The problems of terrorism fall into a different category. It is possible that the Pakistan government is just too weak and helpless to do anything more than make appropriate noises. Musharraf’s administration had authority; Asif Ali Zardari seems merely to be in office.

If the Jamat-ud-Dawa was genuinely banned as a terrorist outfit, then Hafeez Saeed could not be giving sermons at leisure in Lahore. Saeed is not in custody because Islamabad told the Lahore high court that the Jamat was not on the list of terrorist organisations. In fact, it has only been removed from the list of welfare charities.

Western correspondents who have interviewed senior officials of the Jamat have quoted them as saying that nothing had changed, and that the “liberation of Kashmir from Hindu rule” was still their primary objective. And so, irrespective of what Islamabad might desire, the infiltrators continue their steady progress across the LoC. The Indian Army knows the number apprehended, or killed; it cannot know how many got away.

‘The New York Times’ published a revealing story about Fida Hussein Ghalvi, who testified against Malik Ishaq, founder of Lashkar-e-Jhangvi. “In Pakistan, the weakness of the state is matched only by the strength of its criminals. When Ishaq was arrested in 1997, he unleashed his broad network against his opponents, killing witnesses, threatening judges and intimidating the police, leading nearly all of the prosecutions to collapse eventually.” The report, noting that Ishaq could be out on bail this month, describes him as founder of “Pakistan’s most vicious sectarian group, whose police record has a dizzying tally of at least 70 killings — and has never had a conviction stick”. This was the situation under Musharraf; things have only deteriorated in the last two years.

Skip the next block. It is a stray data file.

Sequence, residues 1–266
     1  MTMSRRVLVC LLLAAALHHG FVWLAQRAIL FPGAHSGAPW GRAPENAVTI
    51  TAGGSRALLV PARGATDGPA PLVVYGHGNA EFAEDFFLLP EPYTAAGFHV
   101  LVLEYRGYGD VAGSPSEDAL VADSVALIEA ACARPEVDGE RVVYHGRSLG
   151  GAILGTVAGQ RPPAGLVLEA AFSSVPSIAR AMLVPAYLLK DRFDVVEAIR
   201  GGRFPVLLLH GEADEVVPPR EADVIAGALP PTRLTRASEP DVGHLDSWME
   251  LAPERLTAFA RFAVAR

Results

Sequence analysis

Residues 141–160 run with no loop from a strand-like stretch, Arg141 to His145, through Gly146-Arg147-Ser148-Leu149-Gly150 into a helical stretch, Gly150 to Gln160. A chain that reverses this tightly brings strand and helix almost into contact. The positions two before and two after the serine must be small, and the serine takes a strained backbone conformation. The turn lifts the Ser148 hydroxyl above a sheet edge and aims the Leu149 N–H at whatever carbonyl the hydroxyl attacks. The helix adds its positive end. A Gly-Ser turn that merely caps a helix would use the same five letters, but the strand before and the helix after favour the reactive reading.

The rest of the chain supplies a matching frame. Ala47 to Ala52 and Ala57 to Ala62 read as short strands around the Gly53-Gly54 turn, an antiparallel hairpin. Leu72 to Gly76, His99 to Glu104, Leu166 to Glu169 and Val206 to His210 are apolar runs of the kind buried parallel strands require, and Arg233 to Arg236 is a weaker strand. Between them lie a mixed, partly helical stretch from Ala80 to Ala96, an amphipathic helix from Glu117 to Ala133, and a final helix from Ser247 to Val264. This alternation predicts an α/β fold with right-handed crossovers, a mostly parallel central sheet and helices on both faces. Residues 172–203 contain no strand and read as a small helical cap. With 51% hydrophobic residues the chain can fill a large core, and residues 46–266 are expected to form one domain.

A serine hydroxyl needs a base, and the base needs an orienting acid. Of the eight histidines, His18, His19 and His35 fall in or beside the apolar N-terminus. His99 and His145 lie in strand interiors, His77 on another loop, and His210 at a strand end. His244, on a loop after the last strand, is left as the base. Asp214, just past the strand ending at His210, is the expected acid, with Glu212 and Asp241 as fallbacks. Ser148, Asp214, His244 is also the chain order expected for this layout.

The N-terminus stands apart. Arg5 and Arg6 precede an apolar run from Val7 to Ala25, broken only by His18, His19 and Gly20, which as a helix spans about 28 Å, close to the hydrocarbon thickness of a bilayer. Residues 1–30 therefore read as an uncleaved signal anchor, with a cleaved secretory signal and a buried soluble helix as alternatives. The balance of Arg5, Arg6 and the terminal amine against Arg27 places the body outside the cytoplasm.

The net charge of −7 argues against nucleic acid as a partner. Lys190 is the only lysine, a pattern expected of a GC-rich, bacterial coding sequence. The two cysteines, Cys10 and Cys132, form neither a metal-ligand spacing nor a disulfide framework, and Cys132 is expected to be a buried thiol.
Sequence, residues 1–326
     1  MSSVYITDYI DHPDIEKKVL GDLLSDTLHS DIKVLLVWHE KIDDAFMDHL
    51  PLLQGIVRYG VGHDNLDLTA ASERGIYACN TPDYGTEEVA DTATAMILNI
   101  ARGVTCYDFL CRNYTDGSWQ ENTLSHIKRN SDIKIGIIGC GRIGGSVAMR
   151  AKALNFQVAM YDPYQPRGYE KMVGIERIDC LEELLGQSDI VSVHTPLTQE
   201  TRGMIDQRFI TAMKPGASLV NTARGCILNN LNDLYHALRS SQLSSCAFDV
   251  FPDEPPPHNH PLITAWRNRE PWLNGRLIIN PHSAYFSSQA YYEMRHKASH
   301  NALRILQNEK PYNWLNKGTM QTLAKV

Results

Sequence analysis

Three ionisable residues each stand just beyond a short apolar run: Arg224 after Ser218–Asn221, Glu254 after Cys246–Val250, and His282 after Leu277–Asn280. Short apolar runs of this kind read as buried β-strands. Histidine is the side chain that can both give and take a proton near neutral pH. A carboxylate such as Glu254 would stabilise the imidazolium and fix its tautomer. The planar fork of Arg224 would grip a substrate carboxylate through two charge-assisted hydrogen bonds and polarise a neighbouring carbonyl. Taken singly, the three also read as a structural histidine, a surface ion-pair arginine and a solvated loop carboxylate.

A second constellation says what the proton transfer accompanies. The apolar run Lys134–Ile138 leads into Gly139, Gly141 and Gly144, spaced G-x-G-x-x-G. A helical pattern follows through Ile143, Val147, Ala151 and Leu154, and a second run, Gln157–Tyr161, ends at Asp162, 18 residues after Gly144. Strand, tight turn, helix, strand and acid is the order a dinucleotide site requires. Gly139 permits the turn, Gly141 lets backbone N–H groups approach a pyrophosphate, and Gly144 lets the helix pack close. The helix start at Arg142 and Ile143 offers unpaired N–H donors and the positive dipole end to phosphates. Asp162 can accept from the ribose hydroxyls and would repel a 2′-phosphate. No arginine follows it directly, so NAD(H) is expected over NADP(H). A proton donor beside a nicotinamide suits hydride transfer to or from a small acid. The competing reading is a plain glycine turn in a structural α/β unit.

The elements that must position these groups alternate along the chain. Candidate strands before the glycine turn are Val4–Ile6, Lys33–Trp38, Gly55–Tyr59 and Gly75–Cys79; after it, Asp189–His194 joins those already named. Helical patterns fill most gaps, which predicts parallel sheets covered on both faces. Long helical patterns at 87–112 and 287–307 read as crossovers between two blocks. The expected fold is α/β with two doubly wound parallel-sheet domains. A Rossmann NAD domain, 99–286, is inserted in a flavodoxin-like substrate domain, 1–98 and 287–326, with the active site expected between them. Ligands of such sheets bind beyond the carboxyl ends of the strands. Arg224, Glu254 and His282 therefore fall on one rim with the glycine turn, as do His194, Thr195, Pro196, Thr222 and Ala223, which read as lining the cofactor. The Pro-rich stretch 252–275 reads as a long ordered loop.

This, perhaps, is what impelled Manmohan Singh to suggest that this is a time when a democratic government in Pakistan needs all the help it can get, including from Delhi. But it is a fallacy to believe that any other country, particularly India, can be helpful beyond a very limited degree.

The nuances and compromises essential to any solution would be heavy enough on a leader with broad and strong shoulders. It is too much to believe that a government that has already lost the trust of the street, and the confidence of its administration, can pull off something as dramatic as an agreement with Delhi. If Islamabad can neither stop cross-border infiltration nor go forward on a deal, the peace process will splutter out completely.

Could a deal come precisely because Islamabad realises that conflict with India has strengthened forces that are now the biggest danger to Pakistan’s civil society, democracy and evolution towards a modern nation? That is a thin hope, but one which we should preserve.